After two deaths, UP wakes up to swine flu threat
After two swine flu deaths in the state capital in the last four days, health department officials Saturday admitted that the state was facing acute shortage of Tamiflu, the medicine used for treating the disease
Lucknow: After two swine flu deaths in the state capital in the last four days, health department officials Saturday admitted that the state was facing acute shortage of Tamiflu, the medicine used for treating the disease.
The department, though ill-equipped to take on the disease, is slowly waking up to the threat, having placed fresh orders to obtain the medicine from Rajasthan, where it is reportedly stocked in a large quantity.
Confirming this, a senior health official told IANS that 30,000 tablets of Tamiflu have been sought on an SOS and they hope to get the consignment within a few days.
As of now, some stocks of the medicine have been delivered by the union government for use in the state capital, where two swine flu deaths have been reported from the cantonment area.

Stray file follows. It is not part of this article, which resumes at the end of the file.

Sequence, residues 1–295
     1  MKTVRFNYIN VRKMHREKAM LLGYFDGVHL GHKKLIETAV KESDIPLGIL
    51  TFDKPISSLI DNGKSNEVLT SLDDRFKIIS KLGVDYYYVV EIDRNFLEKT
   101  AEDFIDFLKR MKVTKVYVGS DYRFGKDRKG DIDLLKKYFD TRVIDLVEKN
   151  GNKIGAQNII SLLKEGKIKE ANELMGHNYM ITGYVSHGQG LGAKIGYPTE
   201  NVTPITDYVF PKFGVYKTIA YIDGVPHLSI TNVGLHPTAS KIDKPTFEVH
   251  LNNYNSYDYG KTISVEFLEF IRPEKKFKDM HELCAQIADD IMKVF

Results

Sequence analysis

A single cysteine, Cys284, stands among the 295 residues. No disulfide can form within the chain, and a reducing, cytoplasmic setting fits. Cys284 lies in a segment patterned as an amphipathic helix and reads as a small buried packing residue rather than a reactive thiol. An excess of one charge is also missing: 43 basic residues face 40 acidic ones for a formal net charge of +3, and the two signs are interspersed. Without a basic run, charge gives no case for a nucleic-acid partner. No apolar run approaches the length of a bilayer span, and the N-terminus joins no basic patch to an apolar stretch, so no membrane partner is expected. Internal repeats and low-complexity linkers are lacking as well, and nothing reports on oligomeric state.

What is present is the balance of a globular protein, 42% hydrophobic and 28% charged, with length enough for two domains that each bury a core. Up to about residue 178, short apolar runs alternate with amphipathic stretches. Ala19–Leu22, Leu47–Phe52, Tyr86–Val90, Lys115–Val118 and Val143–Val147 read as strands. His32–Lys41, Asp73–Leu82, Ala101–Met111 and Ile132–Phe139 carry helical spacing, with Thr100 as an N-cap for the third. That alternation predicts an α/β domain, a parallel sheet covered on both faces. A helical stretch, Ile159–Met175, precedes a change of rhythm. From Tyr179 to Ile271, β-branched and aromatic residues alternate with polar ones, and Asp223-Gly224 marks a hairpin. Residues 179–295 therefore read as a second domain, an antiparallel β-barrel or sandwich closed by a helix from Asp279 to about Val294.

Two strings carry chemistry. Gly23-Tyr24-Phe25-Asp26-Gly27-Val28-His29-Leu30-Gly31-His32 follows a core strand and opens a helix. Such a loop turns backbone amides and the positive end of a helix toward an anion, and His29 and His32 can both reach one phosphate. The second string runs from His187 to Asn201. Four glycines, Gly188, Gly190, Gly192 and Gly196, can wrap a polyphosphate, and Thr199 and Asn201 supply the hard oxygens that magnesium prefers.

An alert has also been sounded in all major government hospitals across the state and orders have been issued to maintain vigils to track people displaying symptoms of the disease, which emerged as a major killer a few years earlier.
An emergency meeting was called by Lucknow district magistrate Rajshekhar late Friday wherein he asked health officials to sensitize people on the disease, especially in areas where patients had been reported from.
A rapid response team, he said, was constituted under the direct supervision of the chief medical officer (CMO) and a 24x7 control room would also be established.
Health teams visited Manaknagar, Subhashnagar and Hansnagar localities - the areas where two casualties were reported.
Arvind Kumar, principal secretary (health), however, confirmed that stocks of Tamiflu were not available within the state, and that once the delivery from Rajasthan was made, the drug would be distributed across the state.
What has also worried the health department is the fact that the disease is often confused with normal cold and flu as both the diseases exhibit similar symptoms. Over the last few days scores of patients have flooded the hospitals with normal cold and flu-like symptoms, fearing that it could be swine flu.
The state government has decided to undertake a publicity and awareness drive to inform people of the difference between swine and normal flu, an official added.